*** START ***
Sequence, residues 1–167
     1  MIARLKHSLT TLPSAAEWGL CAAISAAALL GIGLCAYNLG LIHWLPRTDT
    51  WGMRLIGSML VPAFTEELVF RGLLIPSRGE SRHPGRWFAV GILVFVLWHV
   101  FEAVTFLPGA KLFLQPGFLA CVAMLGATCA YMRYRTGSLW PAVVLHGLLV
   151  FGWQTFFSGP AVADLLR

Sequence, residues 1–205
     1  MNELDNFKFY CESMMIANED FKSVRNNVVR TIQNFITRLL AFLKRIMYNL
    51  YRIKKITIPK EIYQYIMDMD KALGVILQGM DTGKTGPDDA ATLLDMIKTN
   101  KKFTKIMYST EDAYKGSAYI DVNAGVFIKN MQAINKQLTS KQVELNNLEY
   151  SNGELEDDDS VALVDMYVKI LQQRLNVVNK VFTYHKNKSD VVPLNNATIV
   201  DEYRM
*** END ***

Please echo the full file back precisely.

Sequence, residues 1–167
     1  MIARLKHSLT TLPSAAEWGL CAAISAAALL GIGLCAYNLG LIHWLPRTDT
    51  WGMRLIGSML VPAFTEELVF RGLLIPSRGE SRHPGRWFAV GILVFVLWHV
   101  FEAVTFLPGA KLFLQPGFLA CVAMLGATCA YMRYRTGSLW PAVVLHGLLV
   151  FGWQTFFSGP AVADLLR

Sequence, residues 1–205
     1  MNELDNFKFY CESMMIANED FKSVRNNVVR TIQNFITRLL AFLKRIMYNL
    51  YRIKKITIPK EIYQYIMDMD KALGVILQGM DTGKTGPDDA ATLLDMIKTN
   101  KKFTKIMYST EDAYKGSAYI DVNAGVFIKN MQAINKQLTS KQVELNNLEY
   151  SNGELEDDDS VALVDMYVKI LQQRLNVVNK VFTYHKNKSD VVPLNNATIV
   201  DEYRM